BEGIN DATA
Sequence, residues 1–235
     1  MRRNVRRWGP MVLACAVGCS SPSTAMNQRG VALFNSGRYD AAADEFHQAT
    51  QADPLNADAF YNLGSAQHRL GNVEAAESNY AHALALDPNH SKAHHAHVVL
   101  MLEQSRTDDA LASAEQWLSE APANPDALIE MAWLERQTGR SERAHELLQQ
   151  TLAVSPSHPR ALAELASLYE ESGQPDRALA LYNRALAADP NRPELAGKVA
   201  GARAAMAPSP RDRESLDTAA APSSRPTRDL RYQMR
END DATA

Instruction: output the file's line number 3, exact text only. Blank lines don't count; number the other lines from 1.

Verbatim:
    51  QADPLNADAF YNLGSAQHRL GNVEAAESNY AHALALDPNH SKAHHAHVVL